Does your dog suffer from bad breath? Do its teeth look dirty or gums swollen? If you have answered yes to any of these questions, it’s time you paid attention to your four-legged friend’s dental health.
According to the American Veterinary Dental College, periodontal disease is the most common condition in adult dogs. In fact, by the age of three, most dogs have some evidence of periodontal disease. Other than swollen gums and bad breath, other signs of dental disease include yellow-brown tartar, trouble chewing, excessive drooling, or a sudden change in eating habits.
As your little friend cannot tell you when he has a toothache or dental issues, it’s vital that you take steps to keep his teeth clean. At the same time, keeping a close eye on your pet’s teeth will enable you to catch problems earlier, meaning better treatment. Untreated dental issues in dogs can lead to tooth loss, painful abscesses, and systemic infections throughout your dog’s body.
Below are some useful tips for taking care of your dog’s teeth:
You should take the time to brush your pet’s teeth 2-3 times a week. Just like us humans, dogs need proper brushing in order to keep their teeth clean.
To do this, you’ll need a soft-bristled toothbrush specifically designed for pets and toothpaste that has been specifically formulated for pets. Then, follow these steps:
1. Place a small blob of toothpaste on the toothbrush.
2. Hold it at a 45-degree angle to the tooth surface with the bristles pointing towards the gums.
3. Brush using circular motions, concentrating on the gum line, the outside surfaces of the teeth, and the back of the teeth.
When brushing your dog’s teeth, you’ll need to be patient as most dogs don’t enjoy having their mouths touched. You could always ask your vet to show you how it’s done.
Canine dental wipes are a great alternative to a toothbrush and they are especially beneficial for pets who cannot tolerate brushing.
These wipes are soft, disposable, and have been designed to clean your dog’s teeth and gums gently. Furthermore, they come in different flavors, so you can choose the ones your dog loves the most. However, one drawback of these wipes is that they cannot reach the nooks and crannies that a brush can.
There are many chews on the market that are designed to help keep your dog’s teeth cleaner. These treats help to control plaque and tartar buildup on your dog’s teeth. When your pet starts to gnaw on the chew treat, it massages the gums and scrapes away soft tartar.
To add to this, they help to satisfy your dog’s natural desire to chomp, strengthens his teeth, and decrease his stress levels.
Chewing on raw bones also helps to keep your dog’s teeth healthy and strong. If giving raw bones on a daily basis is not possible, then try synthetic bones that have been specifically designed to strengthen your dog’s gums and teeth.
When out shopping, keep an eye out for natural choices like rawhide or knucklebone. These are softer bones and are gentler on your pet’s teeth. Never give your dog hard synthetic bones as they can fracture teeth or damage gums.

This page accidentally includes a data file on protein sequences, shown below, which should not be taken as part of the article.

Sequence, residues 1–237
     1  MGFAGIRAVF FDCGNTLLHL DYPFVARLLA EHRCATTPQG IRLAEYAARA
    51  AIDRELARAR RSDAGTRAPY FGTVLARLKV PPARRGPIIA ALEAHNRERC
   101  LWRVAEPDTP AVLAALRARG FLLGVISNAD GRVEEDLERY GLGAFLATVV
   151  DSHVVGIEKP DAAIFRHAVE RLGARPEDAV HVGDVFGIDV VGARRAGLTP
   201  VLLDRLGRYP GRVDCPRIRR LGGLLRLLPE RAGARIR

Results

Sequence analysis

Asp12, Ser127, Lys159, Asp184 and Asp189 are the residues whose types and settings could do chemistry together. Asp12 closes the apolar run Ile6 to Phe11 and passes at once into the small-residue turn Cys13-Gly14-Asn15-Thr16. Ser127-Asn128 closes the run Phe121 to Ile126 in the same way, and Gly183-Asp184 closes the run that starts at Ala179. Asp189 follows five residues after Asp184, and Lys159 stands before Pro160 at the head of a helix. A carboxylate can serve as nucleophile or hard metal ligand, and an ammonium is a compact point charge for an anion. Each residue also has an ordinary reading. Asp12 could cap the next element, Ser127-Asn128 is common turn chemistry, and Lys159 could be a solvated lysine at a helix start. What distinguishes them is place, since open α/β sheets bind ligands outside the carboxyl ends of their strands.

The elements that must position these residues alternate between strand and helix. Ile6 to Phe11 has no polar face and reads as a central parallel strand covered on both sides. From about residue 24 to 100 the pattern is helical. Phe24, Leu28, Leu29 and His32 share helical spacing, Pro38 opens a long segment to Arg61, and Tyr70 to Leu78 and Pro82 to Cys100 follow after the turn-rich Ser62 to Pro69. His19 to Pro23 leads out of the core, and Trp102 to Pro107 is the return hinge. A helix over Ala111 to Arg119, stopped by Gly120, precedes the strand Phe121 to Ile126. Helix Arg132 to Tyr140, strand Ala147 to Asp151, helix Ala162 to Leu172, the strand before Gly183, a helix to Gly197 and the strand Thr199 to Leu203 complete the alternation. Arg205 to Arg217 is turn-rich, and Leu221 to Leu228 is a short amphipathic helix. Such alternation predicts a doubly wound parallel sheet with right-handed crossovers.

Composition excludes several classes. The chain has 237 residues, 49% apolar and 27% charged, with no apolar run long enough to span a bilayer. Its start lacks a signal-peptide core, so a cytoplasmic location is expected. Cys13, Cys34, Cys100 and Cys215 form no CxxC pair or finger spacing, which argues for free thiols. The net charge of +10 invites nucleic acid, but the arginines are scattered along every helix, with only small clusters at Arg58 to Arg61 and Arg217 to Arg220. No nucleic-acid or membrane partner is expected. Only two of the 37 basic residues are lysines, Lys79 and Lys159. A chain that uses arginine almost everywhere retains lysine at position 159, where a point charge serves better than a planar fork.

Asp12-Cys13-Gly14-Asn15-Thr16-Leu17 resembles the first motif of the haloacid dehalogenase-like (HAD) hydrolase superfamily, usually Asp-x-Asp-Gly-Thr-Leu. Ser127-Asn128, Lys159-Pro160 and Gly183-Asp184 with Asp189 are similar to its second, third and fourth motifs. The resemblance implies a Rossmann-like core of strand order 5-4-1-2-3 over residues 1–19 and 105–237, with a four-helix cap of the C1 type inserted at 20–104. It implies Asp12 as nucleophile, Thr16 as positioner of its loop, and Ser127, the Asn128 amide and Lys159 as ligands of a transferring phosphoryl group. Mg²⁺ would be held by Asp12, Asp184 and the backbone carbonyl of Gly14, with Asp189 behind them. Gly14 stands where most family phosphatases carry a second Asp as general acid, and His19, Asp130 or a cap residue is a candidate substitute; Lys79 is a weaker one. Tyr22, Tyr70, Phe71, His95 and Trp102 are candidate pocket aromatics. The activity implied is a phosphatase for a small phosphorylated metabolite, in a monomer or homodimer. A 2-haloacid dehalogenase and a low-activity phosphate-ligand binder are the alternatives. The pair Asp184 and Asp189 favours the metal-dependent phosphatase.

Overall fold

5. Remove Food Particles
When your dog has finished eating, have a good look inside its mouth. If you notice food particles, simply remove them.
This is vital as food particles that are not removed will mix with saliva and bacteria to form plaque. Within a couple of days, the plaque calcifies and hardens into tartar, which means more plaque buildup. This can ultimately result in gingivitis.
Offering your canine friend specially formulated dry or crunchy food can slow down the formation of plaque and tartar. Soft food often sticks to the teeth and causes plaque and decay. Furthermore, crunchy foods such as carrots are good for your dog’s teeth.
You also need to make sure that your pet is drinking enough water. Water helps to wash away any food particles stuck between the teeth and also helps fight bad breath.
As a responsible pet owner, you need to keep a close eye on your pet’s oral health.
For example, do a breath test once a month. Simply sniff your dog’s breath, and if you find the smell to be offensive and it's accompanied by a loss of appetite, vomiting, or excessive drinking or urinating, make an appointment with your vet.
Another thing you can do is check your pet’s lips. Once a week, lift your dog’s lips and carefully examine the teeth and gums. The gums should be pink, and there should be no signs of swelling. The teeth should look clean without any brownish tartar. If there is swelling or redness around the gums or the teeth have a brown tinge to them, it’s time to visit the vet.
Every so often you should take your dog to see a veterinary dentist. A professional cleaning and regular checkup will help to maintain oral hygiene and allow a timely diagnosis of any oral issues.
A thorough cleaning of the teeth and gums requires anesthesia, but a professional cleaning is the best way to maintain your dog’s oral hygiene. On average, dogs should get a dental cleaning once a year starting at the age of 3.